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Parents How-To

Marc and Craig Kielburger are the co-founders of Free The Children and Me to We, a social enterprise. They are authors of
Marc and Craig Kielburger are the co-founders of Free The Children and Me to We, a social enterprise. They are authors of
We have seen kids harming themselves due to cyberbullying when they do not put themselves out there. Now, they are asking for the ridicule. As parents, how do we help them to make better choices and control some of this?
The thing is, most of the time teens are fine with not being listened to by their parents. But here's the problem: What happens when you really need them to? You see, all your training in getting them to ignore you isn't going to come in handy. You're, like, the kid who yelled woof! Or barked, or something.
As a parent, my first instinct was to get mad at the parent who brought my son's bad behaviour to my attention. But then I realized killing the messenger was not the right course of action. Teaching my son a valuable lesson in appropriate conduct was.
It often seems that being a teen is about hearing all things you cannot do, should not do or would not do. This can feel
In an ideal world, your child would choose the nicest, most polite, smartest and best-behaved kid to be her new best friend. Wouldn't that be just dandy? Well, you've probably figured out that this utopian parenting fantasy is just that -- an unrealistic dream that has likely never occurred in the history of human kind.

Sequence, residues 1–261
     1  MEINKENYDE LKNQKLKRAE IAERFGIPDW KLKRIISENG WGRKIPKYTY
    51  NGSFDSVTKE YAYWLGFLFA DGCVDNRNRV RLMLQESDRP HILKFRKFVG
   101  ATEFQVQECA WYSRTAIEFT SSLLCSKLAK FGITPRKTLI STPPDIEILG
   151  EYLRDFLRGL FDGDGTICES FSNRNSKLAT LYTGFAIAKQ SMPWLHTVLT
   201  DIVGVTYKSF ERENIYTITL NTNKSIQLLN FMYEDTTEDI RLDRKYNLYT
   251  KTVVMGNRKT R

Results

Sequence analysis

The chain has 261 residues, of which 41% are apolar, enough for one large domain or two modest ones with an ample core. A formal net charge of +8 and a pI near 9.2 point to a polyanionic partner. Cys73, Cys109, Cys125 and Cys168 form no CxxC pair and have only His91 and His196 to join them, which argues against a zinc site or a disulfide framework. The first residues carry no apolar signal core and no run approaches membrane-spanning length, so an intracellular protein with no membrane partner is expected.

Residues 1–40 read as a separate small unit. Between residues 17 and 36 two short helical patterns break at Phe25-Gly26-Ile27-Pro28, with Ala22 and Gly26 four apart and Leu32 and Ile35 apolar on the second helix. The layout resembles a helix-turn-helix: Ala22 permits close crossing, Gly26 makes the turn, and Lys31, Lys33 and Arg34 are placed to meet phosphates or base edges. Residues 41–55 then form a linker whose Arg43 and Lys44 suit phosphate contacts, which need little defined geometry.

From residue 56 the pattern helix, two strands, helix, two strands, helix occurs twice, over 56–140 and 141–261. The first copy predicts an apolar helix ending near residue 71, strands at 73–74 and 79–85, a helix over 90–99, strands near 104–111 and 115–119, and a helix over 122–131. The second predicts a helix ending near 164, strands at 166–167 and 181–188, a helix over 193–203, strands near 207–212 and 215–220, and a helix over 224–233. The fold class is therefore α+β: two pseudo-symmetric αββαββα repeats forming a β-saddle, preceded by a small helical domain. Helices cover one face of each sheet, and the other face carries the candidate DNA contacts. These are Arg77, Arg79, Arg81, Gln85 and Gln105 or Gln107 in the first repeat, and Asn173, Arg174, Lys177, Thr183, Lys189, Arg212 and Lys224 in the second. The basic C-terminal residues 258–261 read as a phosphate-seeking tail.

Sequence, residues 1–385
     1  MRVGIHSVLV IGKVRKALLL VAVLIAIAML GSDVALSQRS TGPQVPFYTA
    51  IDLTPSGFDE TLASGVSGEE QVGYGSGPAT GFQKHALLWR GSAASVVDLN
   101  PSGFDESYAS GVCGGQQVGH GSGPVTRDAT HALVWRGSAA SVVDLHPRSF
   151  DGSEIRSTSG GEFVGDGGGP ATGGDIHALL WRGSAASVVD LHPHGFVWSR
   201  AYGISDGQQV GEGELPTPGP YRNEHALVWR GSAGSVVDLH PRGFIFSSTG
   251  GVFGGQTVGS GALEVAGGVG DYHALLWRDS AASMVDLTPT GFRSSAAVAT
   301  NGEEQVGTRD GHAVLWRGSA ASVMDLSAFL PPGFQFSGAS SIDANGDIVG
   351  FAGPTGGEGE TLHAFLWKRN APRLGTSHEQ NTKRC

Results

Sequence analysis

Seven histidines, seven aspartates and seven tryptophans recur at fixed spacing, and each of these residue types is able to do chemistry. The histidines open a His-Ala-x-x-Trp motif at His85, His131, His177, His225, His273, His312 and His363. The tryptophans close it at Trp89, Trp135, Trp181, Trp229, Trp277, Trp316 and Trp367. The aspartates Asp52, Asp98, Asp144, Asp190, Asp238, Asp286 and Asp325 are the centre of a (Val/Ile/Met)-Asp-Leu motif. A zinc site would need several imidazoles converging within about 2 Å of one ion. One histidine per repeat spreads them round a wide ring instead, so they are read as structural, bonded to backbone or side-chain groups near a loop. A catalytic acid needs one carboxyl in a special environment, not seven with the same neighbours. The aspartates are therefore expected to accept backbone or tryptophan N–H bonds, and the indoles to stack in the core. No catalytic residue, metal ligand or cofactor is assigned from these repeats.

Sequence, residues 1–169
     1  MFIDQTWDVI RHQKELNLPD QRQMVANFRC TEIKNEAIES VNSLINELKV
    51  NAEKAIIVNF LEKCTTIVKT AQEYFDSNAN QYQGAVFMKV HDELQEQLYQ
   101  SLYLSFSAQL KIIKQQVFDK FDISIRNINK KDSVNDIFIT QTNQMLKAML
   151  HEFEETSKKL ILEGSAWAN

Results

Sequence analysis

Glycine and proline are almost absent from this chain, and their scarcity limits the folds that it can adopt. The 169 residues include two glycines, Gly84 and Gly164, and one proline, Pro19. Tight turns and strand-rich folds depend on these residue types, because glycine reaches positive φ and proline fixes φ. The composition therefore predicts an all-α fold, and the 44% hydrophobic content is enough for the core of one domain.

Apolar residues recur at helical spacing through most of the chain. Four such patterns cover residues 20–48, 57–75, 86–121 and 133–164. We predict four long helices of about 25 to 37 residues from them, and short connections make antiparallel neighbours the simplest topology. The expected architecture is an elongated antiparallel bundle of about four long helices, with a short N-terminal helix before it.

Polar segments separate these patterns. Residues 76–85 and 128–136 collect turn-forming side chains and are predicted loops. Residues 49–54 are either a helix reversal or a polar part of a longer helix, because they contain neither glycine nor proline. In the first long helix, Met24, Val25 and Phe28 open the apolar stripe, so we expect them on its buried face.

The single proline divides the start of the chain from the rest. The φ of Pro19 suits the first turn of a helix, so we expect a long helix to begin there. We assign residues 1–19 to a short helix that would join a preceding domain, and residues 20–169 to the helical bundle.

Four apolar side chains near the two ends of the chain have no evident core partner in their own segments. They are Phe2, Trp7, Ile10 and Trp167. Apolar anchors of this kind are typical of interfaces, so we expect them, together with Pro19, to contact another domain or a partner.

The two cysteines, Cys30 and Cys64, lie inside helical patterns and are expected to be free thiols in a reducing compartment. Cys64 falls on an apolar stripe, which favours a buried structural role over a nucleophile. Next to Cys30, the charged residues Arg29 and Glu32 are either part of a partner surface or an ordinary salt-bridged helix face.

Whether your daughter asks about shaving, getting her period, wearing makeup or having sex, you should be thoughtful and understanding even if you are uncomfortable. Do not change the subject, make her feel ashamed for asking, or tell her she is too young for such talk.
Every parent is unique, but we all share a common goal before we go tits-up: To die with no regrets. (Other than the regret of accidentally swallowing that rat poison that's now killing us.) And that pursuit -- or avoidance, rather -- is a complicated thing.
Jan. 1 has come and gone. The membership to that expensive gym has never been used because you had the flu, the no-carbs diet was impossible and your kids are still eating in front of the TV even though you promised yourself that would stop. How can you really make changes, not just for you but for your family?